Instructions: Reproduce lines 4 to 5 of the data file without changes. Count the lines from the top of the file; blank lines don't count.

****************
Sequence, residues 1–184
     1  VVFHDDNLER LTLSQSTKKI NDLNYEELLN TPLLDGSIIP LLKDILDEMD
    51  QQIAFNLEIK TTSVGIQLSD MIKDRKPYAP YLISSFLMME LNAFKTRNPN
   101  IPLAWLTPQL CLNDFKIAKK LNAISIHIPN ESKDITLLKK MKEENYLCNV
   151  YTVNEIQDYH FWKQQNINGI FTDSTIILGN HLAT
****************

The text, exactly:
   101  IPLAWLTPQL CLNDFKIAKK LNAISIHIPN ESKDITLLKK MKEENYLCNV
   151  YTVNEIQDYH FWKQQNINGI FTDSTIILGN HLAT